From The Maven Letter: 30 November 2023
Gold broke up through $2000 per oz. decisively on Friday and has stayed aloft since. It’s only been a few days but sticking above $2000 for a week – and not just lingering just above but running as high as $2044.45 and then sticking above $2035 – is markedly different from the last few times gold bested this round-number resistance.
The clear reason is rates. The market is convinced hikes are over, a stance that various Federal Reserve officials have reinforced in the last while, and that conviction has bond yields falling. The most important factor for the gold price is real rates – gold rises when they fall – and real rates are now clearly falling.
It’s a classic investment move – buy gold when a rate hike cycle ends – and it seems investors are heeding that classic pattern. And they are also buying gold miners in the classic way: the GDX fund of major gold miners is up 6.8% over the week, providing almost 3x leverage to gold’s 2.4% gain.
It feels different this time. I want to credit my superb intuition for that…but it probably feels different because this time gold is not fighting rate hikes. I can’t overstate the importance of that change.
I still have no idea whether we’re heading towards a recession. Hard data keep looking good; soft data (sentiment surveys) keep looking bad.
This disconnect started soon after COVID, growing for two years and then sticking wide open for the last two years. Inflation also certainly plays a big role in this: people see much higher prices than before and assume it must mean something is going to break. But in fact the economy keeps chugging along and consumers, despite saying they are worried about what’s ahead, keep spending.
It helps that wages have largely kept pace with those price increases. But I read an interesting suggestion last week: people see wage gains as personal, not macro (I earned this!). Business managers similarly take credit for things that are going well but blame the economy for things that are not.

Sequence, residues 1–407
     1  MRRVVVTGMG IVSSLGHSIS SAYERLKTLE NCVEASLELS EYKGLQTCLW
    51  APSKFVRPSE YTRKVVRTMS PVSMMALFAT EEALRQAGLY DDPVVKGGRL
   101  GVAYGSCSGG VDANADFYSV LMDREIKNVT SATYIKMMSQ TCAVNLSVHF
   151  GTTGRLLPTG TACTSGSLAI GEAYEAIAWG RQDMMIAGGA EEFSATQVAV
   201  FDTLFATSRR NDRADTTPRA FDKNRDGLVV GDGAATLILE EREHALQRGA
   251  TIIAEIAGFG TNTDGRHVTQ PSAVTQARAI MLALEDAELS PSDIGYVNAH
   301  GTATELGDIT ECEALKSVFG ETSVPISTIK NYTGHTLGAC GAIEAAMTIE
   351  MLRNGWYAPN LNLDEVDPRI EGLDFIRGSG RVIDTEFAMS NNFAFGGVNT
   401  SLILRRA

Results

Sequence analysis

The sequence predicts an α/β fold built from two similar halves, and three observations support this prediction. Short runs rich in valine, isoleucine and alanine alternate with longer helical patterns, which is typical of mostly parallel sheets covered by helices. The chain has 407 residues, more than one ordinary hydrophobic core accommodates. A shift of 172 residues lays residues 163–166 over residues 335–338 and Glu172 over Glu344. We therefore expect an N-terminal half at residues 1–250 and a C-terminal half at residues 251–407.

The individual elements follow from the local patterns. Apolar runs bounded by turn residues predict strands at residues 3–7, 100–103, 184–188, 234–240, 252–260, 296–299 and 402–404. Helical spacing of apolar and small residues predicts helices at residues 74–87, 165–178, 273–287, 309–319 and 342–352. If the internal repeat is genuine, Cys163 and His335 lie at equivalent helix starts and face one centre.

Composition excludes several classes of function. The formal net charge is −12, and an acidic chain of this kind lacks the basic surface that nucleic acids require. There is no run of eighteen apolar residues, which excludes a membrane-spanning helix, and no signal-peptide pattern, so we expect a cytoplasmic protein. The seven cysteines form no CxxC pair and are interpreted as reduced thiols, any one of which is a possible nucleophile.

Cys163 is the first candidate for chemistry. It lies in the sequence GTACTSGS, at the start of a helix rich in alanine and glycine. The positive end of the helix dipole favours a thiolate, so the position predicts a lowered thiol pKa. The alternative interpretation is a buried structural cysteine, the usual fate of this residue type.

This could explain the hard-soft disconnect. Sentiment is negative because people and businesses blame the economy for things that aren’t going well, while taking credit for things that are.
I liked the idea because it’s the first I’ve seen that might explain this wide, persistent, and otherwise confusing disconnect between data and sentiment. I also like it because inflation is coming down and rates are moderating, which eases the ‘bad things’ in the macro picture and might help improve sentiment.
I am by no means convinced we’re out of recession danger. Rate hike impacts continue to work through the economy. But if those impacts start to cause real trouble, the Fed could enact significant cuts and, in the context of an economy that’s been doing just fine ofr years now, that might be enough to avert disaster and keep things chugging.
I would love for things to keep chugging along. Base metals deserve a break and that won’t happen until investors feel confident there’s growth ahead (sentiment matters!) and start positioning for it.
At the same time, gold runs when rates fall. That is a forecast I am confident in making – I know now when nor how quickly rates might come down but that does now seem the path ahead.
In other words: gold breaking above $2000 per oz. is different this time.